GUINEA-BISSAU: Low cashew prices could spell hunger, UN warns
Fatou Nasanha and her two sons thrashing rice at Bedanda in southern Guinea Bissau, 25 January 2007. “We like to eat rice but it’s easy to grow cashews.”
Dakar, 5 October 2007 (IRIN) - The price cashew farmers are getting for their produce is so low this year that they might not be able to buy enough food for their families, the UN warns.
“Cashew is important for food security as it is commonly bartered for [the country’s staple] rice,” the UN Secretary-General said in a report on Guinean Bissau.
“The potential social impact of the current cashew season is not encouraging.”
Cashew prices are depressed with farmers selling cashews at between 75 CFA francs (US$0.16) and 50 CFA francs ($0.11) per kilogram, the report said.
The government’s recommended price this year was 200 CFA francs ($0.43) per kilogram.
The cashew harvest this year was good with an estimated 94,000 tonnes of cashew nuts exported to date, which already exceeds last year’s exports of 73,400 tonnes. Not only is the international price of cashews down, but the dollar is down against the euro which has further decreased the amount Guinea Bissau’s farmers get for their product. The former Portuguese colony’s currency is fixed to the euro while the price of cashews is set in dollars.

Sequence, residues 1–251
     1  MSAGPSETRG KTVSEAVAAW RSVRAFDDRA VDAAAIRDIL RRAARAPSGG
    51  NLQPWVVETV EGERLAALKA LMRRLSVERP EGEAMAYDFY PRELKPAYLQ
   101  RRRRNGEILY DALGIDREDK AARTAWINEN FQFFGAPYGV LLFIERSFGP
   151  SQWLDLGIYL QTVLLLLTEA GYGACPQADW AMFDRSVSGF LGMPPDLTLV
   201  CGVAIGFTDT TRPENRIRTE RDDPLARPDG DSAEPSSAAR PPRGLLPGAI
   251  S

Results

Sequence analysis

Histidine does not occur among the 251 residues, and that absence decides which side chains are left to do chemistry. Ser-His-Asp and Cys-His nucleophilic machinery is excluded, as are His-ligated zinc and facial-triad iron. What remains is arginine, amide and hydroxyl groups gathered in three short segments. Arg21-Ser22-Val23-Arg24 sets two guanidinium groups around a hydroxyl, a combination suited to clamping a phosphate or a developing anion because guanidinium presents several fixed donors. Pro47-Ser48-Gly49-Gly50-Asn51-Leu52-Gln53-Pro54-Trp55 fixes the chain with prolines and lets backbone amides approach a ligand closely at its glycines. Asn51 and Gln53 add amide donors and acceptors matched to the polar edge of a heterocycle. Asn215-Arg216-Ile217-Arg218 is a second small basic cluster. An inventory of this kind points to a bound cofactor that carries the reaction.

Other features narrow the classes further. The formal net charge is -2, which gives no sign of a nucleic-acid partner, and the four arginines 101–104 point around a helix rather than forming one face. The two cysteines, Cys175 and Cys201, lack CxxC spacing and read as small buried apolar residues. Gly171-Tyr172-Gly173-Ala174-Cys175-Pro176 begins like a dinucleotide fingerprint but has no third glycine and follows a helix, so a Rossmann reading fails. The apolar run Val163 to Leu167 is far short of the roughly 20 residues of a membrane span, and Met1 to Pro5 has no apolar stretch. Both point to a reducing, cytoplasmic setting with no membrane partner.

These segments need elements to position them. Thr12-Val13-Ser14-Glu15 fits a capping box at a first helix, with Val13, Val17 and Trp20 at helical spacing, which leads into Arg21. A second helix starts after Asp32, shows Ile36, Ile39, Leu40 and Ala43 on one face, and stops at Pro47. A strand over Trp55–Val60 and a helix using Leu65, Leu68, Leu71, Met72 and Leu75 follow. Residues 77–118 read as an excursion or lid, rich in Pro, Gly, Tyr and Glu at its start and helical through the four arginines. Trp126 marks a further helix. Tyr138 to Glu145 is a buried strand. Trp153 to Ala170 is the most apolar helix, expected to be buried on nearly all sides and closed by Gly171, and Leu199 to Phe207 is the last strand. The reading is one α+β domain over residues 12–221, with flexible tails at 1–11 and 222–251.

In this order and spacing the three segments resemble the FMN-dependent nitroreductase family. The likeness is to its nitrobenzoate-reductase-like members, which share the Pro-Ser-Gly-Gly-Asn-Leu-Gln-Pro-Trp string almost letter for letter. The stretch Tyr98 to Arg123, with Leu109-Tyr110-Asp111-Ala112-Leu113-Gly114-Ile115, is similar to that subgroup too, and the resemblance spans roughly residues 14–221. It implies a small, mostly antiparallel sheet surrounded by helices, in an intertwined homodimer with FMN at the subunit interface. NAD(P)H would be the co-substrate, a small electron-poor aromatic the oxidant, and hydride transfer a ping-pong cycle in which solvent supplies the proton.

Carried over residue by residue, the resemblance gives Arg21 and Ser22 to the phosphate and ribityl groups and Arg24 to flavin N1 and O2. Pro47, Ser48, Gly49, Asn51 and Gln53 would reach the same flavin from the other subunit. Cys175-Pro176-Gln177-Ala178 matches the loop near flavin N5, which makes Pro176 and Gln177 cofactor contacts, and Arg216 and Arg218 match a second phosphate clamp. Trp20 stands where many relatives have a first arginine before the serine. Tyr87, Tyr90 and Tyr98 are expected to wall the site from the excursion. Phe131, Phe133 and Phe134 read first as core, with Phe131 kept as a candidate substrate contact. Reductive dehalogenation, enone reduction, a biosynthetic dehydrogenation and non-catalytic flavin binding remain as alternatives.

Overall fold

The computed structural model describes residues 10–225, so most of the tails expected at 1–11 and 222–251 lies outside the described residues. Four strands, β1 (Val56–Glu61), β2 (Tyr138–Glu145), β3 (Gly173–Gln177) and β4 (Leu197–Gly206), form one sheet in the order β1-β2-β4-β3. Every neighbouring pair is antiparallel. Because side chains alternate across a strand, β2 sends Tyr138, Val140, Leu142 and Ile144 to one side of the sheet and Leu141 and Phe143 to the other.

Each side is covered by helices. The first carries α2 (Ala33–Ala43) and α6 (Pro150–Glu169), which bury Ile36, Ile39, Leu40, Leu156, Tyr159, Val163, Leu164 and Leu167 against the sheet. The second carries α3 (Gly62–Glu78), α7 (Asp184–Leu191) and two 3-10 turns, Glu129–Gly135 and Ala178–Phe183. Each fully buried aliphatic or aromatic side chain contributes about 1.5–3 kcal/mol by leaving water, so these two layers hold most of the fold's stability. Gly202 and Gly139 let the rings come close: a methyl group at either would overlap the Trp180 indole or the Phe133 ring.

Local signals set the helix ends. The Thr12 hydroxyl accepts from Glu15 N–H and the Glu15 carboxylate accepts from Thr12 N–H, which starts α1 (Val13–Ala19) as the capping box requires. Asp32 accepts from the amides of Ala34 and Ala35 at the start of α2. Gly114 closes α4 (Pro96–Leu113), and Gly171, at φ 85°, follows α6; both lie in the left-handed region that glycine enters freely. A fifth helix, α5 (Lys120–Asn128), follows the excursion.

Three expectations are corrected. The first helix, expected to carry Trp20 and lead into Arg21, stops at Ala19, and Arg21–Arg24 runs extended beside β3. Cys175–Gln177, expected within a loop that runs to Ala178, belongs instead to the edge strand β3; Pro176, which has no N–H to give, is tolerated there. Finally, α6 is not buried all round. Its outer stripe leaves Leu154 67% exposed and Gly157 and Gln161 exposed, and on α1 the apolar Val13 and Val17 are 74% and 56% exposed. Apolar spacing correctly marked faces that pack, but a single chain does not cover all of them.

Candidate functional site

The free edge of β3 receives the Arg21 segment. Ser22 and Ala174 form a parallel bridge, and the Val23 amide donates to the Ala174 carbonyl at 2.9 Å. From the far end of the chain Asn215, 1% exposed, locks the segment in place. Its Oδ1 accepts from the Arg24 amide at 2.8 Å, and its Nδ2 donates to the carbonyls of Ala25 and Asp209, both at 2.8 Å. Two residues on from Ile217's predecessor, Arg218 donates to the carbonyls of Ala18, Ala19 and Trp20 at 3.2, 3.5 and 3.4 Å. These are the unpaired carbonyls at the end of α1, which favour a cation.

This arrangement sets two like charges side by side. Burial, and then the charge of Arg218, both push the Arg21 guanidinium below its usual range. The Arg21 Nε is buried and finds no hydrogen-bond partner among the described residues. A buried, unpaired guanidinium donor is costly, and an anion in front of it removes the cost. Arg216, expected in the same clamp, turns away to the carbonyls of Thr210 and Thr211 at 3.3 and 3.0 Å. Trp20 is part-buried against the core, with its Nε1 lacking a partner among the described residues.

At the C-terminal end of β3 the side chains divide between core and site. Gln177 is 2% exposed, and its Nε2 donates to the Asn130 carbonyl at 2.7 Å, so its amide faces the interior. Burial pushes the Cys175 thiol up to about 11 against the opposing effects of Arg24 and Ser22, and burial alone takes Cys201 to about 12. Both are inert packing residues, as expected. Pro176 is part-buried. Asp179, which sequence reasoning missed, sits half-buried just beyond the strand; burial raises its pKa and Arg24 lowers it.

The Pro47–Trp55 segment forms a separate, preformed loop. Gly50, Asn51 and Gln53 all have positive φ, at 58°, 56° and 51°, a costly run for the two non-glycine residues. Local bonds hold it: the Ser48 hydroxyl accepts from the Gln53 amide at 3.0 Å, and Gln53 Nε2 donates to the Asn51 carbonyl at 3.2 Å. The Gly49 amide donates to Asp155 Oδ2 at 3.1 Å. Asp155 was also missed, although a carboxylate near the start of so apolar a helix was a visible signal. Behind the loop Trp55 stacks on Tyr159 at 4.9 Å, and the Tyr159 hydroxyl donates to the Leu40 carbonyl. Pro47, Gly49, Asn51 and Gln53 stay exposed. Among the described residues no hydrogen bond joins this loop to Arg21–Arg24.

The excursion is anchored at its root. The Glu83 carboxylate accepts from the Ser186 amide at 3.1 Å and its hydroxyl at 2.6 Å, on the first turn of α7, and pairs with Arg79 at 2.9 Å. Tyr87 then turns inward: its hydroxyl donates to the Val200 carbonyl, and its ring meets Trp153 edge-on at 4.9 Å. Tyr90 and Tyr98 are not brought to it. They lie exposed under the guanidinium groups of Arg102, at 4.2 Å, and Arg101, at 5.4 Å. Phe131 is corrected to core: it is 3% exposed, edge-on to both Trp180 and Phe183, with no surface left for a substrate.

Farmers used to get about 250 CFA francs ($0.53) per kilogram for their cashews which was roughly equal to the price of a kilogram of imported rice, and so they bartered one for the other.
Guinea Bissau also produces its own rice but the rains came late this year, said World Food Programme (WFP) spokesperson Stephanie Savariaud. “In anticipation that the lean season will be longer, in late August we already expanded our existing supplementary feeding project by adding…6,000 children and pregnant and lactating women at 32 WFP nutritional health centres,” she said.
“We are now waiting to hear the findings of an [interagency] crop assessment mission expected later this month to see if further action is needed,” she added.
But even if the rice harvest is good experts say farmers may have trouble selling it as few people in Guinea Bissau will have money to buy it.
Health & Nutrition,